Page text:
We said goodbye to Cape Town and jumped a couple of flights over to Sabi Sands, South Africa.
We entered Lion Sands 1933 Lodge and we were really taken aback by our accommodations. The 1933 Lodge is a proper house built along the Sabi River. The Lodge is rented out in it’s entirety to allow the group renting it full privacy and an experience that is completely different than at a game lodge with other paying guests.
We took a tour of the area to find we had a beautiful kitchen, but there was also a staff kitchen behind it where our meals were made. There was a pool, a gym (where Brian worked out in the morning with large game passing him in the window) and a wine cellar. Each room was very private and had a bathtub and indoor/outdoor shower.
Even though it felt like we were living in a home, there was a full staff like any luxury lodge would have. Lucas, Israel, Anios, and Moses took such good care of us, and I fell in love with our cook, Faith. We had some of the best meals of my life at Lion Sands thanks to Faith and her talent. I spent as much time as I could sneaking back in the kitchen with her and watching her work.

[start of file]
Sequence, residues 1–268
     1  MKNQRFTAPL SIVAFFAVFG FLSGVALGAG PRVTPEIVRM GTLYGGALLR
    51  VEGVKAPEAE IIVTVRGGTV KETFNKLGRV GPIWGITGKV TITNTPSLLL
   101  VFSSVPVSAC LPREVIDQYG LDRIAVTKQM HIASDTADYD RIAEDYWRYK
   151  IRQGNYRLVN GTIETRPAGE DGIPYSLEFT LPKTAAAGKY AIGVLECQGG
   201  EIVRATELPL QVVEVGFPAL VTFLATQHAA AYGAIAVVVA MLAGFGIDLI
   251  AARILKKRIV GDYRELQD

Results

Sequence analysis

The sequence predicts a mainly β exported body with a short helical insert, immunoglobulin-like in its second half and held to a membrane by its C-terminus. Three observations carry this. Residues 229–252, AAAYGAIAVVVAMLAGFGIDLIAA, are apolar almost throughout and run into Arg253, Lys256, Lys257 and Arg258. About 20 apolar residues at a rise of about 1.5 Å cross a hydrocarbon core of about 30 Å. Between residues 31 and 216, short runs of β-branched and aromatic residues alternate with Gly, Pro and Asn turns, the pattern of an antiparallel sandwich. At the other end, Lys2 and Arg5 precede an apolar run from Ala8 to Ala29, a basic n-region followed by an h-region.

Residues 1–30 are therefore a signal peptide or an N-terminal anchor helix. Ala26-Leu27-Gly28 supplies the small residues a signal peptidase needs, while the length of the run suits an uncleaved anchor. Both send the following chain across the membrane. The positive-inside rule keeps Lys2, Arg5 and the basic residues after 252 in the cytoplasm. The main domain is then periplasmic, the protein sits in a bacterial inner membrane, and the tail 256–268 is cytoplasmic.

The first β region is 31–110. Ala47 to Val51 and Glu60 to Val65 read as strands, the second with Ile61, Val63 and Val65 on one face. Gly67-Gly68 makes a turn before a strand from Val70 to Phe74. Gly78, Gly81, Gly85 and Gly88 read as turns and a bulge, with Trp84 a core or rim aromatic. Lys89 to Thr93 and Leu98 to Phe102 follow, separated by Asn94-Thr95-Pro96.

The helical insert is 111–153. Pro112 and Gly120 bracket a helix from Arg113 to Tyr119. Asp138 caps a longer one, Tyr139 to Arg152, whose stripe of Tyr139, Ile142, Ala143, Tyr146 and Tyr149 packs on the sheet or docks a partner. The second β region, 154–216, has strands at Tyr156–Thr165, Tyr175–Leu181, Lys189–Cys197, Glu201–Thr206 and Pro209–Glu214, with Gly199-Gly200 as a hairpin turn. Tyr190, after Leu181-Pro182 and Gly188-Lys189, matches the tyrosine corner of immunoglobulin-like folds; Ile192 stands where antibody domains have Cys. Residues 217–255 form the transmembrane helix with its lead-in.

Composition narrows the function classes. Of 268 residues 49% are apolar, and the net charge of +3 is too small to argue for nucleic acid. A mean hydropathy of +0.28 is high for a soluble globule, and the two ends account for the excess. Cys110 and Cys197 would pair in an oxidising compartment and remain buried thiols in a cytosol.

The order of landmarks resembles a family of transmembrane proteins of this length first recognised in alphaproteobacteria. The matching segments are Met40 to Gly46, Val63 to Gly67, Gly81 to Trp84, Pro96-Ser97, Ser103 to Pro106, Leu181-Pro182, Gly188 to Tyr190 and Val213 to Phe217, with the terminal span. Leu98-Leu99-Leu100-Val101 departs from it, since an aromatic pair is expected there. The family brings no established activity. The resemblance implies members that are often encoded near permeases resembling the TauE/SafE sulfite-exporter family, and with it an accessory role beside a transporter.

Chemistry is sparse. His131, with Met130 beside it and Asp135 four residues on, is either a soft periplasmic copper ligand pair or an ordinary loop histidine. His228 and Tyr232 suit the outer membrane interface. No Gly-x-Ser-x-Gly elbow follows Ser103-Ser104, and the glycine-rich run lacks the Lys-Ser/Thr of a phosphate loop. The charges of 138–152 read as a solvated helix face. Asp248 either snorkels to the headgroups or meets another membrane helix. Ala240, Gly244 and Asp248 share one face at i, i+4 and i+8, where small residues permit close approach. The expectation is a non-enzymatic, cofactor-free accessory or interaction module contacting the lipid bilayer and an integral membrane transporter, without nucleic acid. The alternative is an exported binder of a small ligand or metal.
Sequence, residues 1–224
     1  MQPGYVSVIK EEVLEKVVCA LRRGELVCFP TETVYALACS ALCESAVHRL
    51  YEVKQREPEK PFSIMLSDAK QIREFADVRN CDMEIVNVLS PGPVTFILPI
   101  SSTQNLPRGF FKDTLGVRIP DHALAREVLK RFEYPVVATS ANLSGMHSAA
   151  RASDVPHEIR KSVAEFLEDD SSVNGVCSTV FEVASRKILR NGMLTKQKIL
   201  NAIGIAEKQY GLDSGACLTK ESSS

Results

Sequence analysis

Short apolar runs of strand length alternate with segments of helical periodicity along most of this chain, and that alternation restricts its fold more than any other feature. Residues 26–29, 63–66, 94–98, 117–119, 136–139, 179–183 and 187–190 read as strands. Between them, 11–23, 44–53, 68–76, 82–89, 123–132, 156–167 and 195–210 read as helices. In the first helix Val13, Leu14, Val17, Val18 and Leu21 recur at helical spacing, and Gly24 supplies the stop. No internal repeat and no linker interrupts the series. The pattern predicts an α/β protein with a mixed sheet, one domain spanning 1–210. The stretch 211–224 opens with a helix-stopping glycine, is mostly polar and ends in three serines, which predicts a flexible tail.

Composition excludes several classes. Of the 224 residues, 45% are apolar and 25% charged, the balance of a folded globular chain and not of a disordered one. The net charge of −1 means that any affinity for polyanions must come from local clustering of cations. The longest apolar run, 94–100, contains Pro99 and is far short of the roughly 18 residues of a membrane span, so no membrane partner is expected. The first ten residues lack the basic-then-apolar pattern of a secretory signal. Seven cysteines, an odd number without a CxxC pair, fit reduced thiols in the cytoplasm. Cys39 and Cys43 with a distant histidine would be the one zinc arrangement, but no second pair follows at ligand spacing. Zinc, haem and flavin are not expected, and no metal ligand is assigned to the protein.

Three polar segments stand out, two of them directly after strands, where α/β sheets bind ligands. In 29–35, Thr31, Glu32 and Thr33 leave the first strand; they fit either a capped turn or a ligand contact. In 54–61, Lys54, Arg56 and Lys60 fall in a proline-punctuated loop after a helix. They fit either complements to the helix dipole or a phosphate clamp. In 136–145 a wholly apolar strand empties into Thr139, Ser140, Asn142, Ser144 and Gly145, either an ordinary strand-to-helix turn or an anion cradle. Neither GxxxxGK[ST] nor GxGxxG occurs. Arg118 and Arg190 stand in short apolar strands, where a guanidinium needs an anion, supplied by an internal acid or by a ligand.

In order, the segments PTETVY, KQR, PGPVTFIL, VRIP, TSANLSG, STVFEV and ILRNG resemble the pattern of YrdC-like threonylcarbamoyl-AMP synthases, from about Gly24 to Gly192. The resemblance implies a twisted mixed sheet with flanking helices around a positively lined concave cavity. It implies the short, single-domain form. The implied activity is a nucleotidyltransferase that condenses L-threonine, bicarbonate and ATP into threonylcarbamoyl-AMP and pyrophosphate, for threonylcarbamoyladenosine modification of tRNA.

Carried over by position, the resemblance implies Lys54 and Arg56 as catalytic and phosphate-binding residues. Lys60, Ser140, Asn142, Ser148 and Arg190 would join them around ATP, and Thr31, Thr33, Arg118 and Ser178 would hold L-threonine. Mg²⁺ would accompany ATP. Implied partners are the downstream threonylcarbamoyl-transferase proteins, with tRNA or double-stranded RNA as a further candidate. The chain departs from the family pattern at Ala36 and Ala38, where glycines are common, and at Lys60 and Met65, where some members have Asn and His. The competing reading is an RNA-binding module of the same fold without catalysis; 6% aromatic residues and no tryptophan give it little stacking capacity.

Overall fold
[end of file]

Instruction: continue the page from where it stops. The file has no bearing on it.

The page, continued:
Brian had his jaw open the majority of the time we were there. I think the majority of our group kept walking around like we were lost and ended up in the lap of luxury, not really sure how we got there.
The kids had the coolest accommodations. The kids dormitory had built-in bunk beds and the the mosquito net covered the entire room. They each claimed their spot and made their own forts in the surrounding area. Sometimes a monkey would come against the top bunk windows to visit.
Brian and I walked in to our room to find someone had come in to turn-down the bed and with leaves they had written “Happy Belated Birthday, Jamie.” With a gift of the book, The Dessert Pool, by Guy Aubrey Chalkley, and a a bottle of chilled champagne.
The adventure of a lifetime continued on… (Candids below…)
For more information on building an African vacation for your family visit: DSA Vacations and Lion Sands Game Reserve.